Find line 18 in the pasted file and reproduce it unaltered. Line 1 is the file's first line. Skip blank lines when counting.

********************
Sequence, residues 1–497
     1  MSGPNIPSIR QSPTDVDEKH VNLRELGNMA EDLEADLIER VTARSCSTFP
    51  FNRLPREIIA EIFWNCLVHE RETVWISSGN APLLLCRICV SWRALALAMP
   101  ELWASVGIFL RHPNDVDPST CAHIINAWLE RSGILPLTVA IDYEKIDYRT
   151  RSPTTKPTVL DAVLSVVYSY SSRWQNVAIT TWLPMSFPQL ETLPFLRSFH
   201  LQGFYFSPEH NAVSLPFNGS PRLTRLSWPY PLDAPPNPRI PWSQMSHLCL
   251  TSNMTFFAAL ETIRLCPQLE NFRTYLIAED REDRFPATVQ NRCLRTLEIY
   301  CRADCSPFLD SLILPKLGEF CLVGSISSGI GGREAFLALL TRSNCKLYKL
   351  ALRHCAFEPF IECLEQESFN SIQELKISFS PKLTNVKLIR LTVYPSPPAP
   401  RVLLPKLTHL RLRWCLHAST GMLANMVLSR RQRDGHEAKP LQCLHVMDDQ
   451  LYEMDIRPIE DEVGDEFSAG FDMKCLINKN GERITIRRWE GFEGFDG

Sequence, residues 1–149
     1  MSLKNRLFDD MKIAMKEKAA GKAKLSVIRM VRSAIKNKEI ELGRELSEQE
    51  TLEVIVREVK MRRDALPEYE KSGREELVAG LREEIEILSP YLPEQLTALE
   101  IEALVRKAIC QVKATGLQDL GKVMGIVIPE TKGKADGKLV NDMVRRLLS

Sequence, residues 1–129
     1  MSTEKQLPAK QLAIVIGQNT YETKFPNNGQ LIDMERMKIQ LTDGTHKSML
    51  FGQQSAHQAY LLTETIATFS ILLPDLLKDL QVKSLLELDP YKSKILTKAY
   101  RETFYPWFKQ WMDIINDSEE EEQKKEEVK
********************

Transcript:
    51  FGQQSAHQAY LLTETIATFS ILLPDLLKDL QVKSLLELDP YKSKILTKAY